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Tuesday, 23 September 2008
Page: 29

Senator HEFFERNAN (10:05 PM) —That was a lovely little speech but it neglected to come to terms with what Mick Keelty said last year was the greatest threat to Australia’s sovereignty and that will be climate change. The science prediction says that in 50 years time there will be 1.6 billion people on the planet who will be displaced and looking for somewhere else to live. I am sure the UN will not be able to manage that and I am sure that if we do not have a reasonable Defence Force we will not be able to secure our sovereignty.

Tonight I want to continue my remarks on the heavy vehicle driver fatigue law nightmare that is about to be inflicted on New South Wales, and appeal to New South Wales farmers, New South Wales farmers organisations and the New South Wales parliament—I know the parliament has been really distracted of late by everything that you would not believe politicians can get up to, and a dysfunctional government that is actually probably insolvent—to really look at this because this is a potential nightmare. I will not repeat what I said last night except to say that the laws to harmonise and protect heavy vehicle driver fatigue are very important but there needs to be a practical aspect that does not present an onerous impost on farmers who are only going five miles into town to get some dog tucker.

I appeal to New South Wales and I appeal to New South Wales farmers to wake up to themselves and understand that this is a big problem. Victoria has at least had the good sense to say that they will have an exemption for the first hundred kilometres. If you are working within 100 kilometres of your base, this does not impose itself on you. In Queensland it is 200 kilometres. In New South Wales if you go two yards you have got to fill out the log book. That is pretty sensible, don’t you think, Senator?

Adding to last night’s plethora of unbelievable circumstances in which you have got to fill out a log book—and I did say that it was ‘bloody stupid’ last night but I corrected it to say ‘blasted stupid’—a couple of blokes rang me today. One drives a school bus. The school bus has a run of 40 kilometres out in the morning. It stays in the place where it drops the kids off and then comes back 40 kilometres in the afternoon. That person has to fill out a log book.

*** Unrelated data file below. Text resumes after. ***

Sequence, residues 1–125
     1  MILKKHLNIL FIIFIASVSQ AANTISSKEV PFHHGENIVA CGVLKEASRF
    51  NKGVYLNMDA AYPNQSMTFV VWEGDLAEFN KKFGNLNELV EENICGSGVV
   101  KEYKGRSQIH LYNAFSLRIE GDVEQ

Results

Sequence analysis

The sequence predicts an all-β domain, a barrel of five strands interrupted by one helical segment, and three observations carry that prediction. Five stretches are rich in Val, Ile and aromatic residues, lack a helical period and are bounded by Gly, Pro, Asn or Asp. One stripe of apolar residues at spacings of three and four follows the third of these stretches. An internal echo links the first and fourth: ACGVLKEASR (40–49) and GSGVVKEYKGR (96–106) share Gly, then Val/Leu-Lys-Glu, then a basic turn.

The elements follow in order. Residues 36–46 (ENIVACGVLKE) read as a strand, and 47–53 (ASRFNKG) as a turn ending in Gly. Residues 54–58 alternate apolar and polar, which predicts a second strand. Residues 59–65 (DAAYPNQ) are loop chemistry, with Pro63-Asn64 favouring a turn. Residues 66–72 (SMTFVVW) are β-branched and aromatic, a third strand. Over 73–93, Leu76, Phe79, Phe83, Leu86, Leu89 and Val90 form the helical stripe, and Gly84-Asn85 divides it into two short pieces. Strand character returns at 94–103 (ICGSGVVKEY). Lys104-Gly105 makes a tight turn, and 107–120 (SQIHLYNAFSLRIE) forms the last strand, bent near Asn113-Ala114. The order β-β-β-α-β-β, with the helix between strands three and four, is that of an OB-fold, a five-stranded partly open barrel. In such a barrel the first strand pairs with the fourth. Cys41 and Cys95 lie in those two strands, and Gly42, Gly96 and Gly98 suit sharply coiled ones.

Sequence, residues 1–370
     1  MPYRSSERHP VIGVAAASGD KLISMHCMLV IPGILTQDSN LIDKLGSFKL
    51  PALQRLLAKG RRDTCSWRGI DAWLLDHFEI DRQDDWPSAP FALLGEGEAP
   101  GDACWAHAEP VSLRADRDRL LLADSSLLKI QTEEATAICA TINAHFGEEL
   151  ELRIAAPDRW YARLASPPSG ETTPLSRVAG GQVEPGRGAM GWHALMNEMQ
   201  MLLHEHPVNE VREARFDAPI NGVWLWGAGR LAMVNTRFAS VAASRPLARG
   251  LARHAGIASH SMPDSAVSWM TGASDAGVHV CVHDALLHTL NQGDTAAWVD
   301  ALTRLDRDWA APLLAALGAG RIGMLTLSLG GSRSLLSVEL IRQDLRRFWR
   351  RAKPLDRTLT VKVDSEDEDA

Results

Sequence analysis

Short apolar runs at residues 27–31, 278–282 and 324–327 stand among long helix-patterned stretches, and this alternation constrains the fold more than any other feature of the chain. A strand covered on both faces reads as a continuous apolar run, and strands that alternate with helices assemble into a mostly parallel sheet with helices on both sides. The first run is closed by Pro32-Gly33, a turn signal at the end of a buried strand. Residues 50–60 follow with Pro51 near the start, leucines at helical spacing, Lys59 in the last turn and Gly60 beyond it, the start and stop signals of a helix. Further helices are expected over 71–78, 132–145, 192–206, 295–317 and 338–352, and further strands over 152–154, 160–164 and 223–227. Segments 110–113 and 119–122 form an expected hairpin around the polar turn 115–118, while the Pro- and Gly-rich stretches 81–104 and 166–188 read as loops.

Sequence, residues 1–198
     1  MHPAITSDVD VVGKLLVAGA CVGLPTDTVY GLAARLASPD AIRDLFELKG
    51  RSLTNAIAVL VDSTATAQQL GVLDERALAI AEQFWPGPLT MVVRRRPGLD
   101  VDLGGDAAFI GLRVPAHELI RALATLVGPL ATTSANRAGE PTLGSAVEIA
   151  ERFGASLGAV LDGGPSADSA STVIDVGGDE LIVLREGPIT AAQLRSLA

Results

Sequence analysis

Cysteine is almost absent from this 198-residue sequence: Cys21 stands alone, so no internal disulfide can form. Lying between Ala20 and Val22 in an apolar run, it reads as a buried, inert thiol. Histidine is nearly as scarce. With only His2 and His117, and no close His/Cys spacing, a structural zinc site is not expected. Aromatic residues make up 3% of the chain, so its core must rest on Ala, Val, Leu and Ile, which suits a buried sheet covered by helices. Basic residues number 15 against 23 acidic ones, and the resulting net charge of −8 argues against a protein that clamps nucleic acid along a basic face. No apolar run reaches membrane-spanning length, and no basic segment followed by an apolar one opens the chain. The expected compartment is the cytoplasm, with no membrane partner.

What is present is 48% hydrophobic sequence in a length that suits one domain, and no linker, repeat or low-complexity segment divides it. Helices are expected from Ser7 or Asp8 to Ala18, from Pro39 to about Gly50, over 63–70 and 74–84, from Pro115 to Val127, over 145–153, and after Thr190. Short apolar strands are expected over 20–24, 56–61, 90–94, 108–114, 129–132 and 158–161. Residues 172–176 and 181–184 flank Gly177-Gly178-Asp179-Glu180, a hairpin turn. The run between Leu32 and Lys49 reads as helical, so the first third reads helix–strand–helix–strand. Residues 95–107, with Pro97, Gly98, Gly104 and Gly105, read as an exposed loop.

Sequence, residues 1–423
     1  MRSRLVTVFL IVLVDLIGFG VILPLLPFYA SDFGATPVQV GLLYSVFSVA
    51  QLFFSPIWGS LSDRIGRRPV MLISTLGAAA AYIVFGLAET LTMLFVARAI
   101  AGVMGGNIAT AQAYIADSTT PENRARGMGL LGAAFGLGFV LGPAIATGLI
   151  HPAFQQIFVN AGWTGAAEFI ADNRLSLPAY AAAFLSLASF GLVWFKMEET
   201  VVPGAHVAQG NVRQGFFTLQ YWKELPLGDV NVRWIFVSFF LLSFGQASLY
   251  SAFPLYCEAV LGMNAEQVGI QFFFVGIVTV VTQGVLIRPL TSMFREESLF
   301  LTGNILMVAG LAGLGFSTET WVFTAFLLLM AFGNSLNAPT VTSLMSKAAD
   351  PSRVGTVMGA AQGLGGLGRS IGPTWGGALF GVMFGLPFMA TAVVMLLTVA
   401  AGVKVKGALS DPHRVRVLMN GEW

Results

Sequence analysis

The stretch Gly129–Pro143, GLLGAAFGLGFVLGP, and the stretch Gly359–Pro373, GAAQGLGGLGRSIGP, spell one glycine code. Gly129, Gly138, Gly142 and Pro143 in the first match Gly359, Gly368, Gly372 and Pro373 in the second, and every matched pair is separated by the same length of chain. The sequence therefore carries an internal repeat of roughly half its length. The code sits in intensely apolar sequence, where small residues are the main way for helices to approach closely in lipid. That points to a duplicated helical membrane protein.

I had a call from another town. They have a bus that goes around and picks up patrons for the club. The club bus driver has to fill out a log book. The bus does five kilometres around picking up all the pokie players, the club patrons et cetera. This is silly stuff. And, as I said, a farmer who is stripping wheat on his own property and carting it to his own silo without leaving his property actually has to log the time that he spends in the truck.

So my appeal to New South Wales farmers and to the New South Wales farmers’ organisations and to the New South Wales opposition and to the New South Wales government is: for God’s sake wake up! There is enough paperwork in the system now and this is a stupid law put together by bureaucrats who obviously have no practical experience out in the bush, a government that is dysfunctional and, I can only presume, an opposition that is asleep. Mr President, by leave, I would like to table two documents. Following my words last night, the New South Wales farmers put out a press release, which I showed to Senator Faulkner a minute ago, the New South Wales Farmers Association New heavy vehicle driver fatigue reforms, and how it affects you the farmer.

Leave granted.

We need people in parliament—and I appeal the New South Wales parliament—that understand the bush as Senator Macdonald and Senator Williams do. Senator Parry, you are a broken-down policeman and undertaker and I suppose you would know a bit about the bush and, certainly, Senator Stephens, who comes from Goulburn, would have a bit of a go. We really do need to understand that the bush can get stuffed around by well-meaning bureaucrats, who are obviously conscious of the fatigue issue for long-haulage truck drivers and the schedules that they have to put up with. But I do not see how a farmer under this legislation—which you will be pleased to know, Senator Macdonald, being a lawyer, is a lawyer’s feast—can be compliant and honest with the way that this is dealt with. If you are sitting in the line-up at the silos waiting to unload your truck with the engine turned off and you are looking through the windscreen for when the next truck is going to move up, you have got to log that as time in the truck. If you are reading the newspaper instead in the same position in the truck with the engine turned off, you log that as time off. This is stupid. I appeal to the media and to the mob in New South Wales: get off your backsides, surround the parliament, blockade the parliament, because this will be a nightmare that starts next weekend, on 29 September. Thank you very much.